London Ambulance Service (LAS) says New Year's Eve was the busiest night in its history.
Staff in the control room were taking an average of 11 emergency calls every minute between midnight and 0400 GMT.
They answered a total of 2,639 emergency calls - some 800 an hour at the peak.
An LAS spokesman said it had expected a high number of alcohol-related incidents and had to prioritise very ill patients.
On an average night the service takes 180 calls an hour.
Deputy director of operations Jason Killens, who led the service's response on New Year's Eve, said: "Demand in the early hours was extremely high.
"A lot of that extra demand was because of alcohol-related calls and inappropriate use of the service - people shouldn't be calling 999 simply because they're drunk.
"We had to prioritise calls to make sure seriously ill patients got help - that meant more patients than normal with minor illnesses were given advice over the telephone."
The number of 999 calls exceeded the previous record, set on the eve of the year 2000.
Explaining the high number of callouts, an LAS spokesman said: "Everybody was up all night and a lot of people were worse for wear.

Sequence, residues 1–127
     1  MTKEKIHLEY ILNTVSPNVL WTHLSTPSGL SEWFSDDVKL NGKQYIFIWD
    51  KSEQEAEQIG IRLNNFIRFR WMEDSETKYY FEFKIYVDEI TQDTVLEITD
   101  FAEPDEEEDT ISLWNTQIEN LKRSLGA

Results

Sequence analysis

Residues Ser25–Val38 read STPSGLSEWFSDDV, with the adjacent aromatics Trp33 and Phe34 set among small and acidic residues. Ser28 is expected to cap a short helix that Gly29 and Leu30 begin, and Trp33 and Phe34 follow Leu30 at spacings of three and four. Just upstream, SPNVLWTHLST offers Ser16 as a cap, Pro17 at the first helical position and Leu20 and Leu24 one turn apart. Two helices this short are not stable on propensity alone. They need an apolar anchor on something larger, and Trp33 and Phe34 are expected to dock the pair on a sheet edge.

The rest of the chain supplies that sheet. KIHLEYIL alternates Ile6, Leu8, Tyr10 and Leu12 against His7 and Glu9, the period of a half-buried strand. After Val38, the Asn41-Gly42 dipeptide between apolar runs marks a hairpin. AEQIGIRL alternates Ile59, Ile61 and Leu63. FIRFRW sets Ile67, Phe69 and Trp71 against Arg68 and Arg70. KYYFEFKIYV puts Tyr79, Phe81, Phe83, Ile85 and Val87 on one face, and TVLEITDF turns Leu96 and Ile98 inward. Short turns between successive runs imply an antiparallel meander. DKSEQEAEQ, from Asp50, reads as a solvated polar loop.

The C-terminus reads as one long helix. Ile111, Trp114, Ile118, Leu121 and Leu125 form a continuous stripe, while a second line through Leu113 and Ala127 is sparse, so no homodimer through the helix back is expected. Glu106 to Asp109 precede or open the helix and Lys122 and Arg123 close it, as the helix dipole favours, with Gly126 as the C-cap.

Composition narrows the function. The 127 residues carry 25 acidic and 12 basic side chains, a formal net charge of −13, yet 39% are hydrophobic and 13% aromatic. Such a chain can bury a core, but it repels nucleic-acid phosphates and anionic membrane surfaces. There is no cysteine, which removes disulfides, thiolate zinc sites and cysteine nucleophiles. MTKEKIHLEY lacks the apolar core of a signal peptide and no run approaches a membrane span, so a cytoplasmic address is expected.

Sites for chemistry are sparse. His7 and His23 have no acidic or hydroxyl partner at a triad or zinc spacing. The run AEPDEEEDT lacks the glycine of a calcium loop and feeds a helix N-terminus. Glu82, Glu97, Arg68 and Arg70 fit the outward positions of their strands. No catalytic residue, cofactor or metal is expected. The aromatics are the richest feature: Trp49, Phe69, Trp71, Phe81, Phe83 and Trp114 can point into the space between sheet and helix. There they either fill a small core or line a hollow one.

"A lot of calls were for someone who had drunk too much and passed out on the street.
"We have to judge every case on its own merit."
A temporary "alcohol recovery centre " was set up in the West End.
So-called "booze buses" then ferried drunken revellers to the centre where they were kept warm until sober enough to make their way home.
LAS is meeting later in the month to begin planning for New Year's Eve 2011.
There were 77 arrests during the night, mostly for public order offences.
Others were held for assault, drug offences and robberies.
There were a number of shootings and stabbings, though none were fatal.